On Naming, Identity, and Choice

Yesterday, Jill Filipovic wrote a piece for the Guardian about male-partnered women changing their names upon marriage. The subtitle of the piece is: "Your name is your identity. The reasons women give for changing their names after marrying don't make much sense." and she says in the piece that she "fundamentally...oppose[s] changing your name."

A familiar debate about name-changing and individual choice ensued on Twitter (and elsewhere), which highlighted many of the issues that are casually elided with this position, including cultural differences in naming traditions, disparities in the authenticity of externally perceived choice (i.e. different pressures on individual women in separate spaces), and, if Filipovic is right that "Your name is your identity," are we not keen to support women in decisions about self-defined identity.

I have made my position on name-changing abundantly clear, and, while I absolutely believe it is important to do awareness-raising around the option to keep one's name, I also believe it is possible to have those conversations without judging women for whatever choices they ultimate make.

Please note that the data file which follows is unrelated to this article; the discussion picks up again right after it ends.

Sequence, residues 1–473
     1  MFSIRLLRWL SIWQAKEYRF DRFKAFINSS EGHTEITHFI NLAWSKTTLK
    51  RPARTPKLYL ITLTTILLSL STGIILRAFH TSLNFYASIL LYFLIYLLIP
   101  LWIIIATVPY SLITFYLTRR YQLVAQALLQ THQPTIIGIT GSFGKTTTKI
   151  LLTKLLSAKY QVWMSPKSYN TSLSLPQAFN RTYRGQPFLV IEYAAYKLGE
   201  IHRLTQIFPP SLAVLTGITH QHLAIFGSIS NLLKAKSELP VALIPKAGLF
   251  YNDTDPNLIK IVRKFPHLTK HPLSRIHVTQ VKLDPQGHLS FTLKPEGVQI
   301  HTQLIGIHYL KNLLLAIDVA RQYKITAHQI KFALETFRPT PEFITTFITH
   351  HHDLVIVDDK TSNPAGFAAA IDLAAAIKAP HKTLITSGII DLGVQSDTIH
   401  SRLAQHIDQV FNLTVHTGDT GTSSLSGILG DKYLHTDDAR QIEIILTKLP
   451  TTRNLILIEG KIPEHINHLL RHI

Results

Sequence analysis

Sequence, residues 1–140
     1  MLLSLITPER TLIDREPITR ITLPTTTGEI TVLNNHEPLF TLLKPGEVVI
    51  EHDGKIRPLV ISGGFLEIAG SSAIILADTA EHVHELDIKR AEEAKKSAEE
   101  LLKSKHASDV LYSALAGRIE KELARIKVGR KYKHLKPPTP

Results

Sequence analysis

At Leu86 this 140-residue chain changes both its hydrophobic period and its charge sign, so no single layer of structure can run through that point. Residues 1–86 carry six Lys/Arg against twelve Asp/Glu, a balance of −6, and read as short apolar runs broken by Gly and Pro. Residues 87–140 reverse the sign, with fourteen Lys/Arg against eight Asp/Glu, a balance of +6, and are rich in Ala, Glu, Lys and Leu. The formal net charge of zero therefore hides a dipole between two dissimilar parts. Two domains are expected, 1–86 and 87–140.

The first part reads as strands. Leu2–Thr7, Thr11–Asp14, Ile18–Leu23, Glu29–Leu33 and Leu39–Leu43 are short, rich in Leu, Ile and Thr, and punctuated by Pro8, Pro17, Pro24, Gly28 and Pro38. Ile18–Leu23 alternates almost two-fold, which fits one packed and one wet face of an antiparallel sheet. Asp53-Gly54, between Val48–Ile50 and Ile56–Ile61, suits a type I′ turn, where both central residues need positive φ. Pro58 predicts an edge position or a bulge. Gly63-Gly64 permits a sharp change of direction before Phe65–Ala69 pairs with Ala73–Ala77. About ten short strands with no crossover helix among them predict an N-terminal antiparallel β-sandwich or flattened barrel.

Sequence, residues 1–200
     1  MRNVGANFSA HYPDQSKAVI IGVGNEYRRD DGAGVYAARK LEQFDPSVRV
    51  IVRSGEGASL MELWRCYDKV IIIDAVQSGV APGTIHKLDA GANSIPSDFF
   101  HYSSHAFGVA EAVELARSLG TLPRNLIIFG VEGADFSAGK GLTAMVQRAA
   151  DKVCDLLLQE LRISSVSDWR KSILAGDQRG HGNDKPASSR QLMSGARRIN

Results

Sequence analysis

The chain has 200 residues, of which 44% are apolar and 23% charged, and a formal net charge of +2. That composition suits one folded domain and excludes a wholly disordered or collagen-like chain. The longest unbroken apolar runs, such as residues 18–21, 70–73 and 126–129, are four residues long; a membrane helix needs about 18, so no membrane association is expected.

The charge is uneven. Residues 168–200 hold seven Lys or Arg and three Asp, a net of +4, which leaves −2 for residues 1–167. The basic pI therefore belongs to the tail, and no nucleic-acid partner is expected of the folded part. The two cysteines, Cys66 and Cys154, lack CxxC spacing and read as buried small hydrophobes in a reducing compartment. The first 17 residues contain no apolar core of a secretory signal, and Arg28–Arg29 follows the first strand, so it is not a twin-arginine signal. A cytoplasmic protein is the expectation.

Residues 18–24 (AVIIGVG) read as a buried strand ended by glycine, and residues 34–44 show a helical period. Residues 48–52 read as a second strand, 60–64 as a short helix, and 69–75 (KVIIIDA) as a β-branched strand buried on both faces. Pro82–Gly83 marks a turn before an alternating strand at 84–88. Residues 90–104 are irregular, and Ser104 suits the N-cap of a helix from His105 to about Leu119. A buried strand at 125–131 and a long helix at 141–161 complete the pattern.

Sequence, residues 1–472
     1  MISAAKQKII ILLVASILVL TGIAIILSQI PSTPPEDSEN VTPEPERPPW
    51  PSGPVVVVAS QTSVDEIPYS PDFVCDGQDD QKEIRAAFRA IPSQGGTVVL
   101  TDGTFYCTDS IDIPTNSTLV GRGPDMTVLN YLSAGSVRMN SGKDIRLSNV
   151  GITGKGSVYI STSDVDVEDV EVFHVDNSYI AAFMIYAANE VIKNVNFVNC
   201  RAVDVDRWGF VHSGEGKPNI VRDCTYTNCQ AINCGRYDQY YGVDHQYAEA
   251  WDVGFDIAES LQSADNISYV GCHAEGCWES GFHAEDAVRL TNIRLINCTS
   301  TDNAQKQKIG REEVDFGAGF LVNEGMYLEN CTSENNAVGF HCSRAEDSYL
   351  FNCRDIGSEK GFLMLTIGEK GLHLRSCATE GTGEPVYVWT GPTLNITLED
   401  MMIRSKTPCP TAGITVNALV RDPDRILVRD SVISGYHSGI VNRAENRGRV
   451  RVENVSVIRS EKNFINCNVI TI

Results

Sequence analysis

Central to feminism is the idea that women are not a monolith, and recognizing that individual women have individual reasons for their individual choices is a crucial act in demonolithizing women.

(As an aside, I have also found that many of the reasons deemed insufficiently reasonable, e.g. "I wanted my whole family to have the same last name," frequently are simplistic expressions of a more complex motivation. Sometimes they are not, but sometimes they are an easy and less vulnerable way to communicate something about insecurity or belonging or symbolically establishing new family patterns after a lifetime of dysfunction.)

Anyway. I noticed a couple of things about the public discussion of the piece and its assertions that I want to mention.

1. This conversation tends to treat changing one's name as a zero-sum game.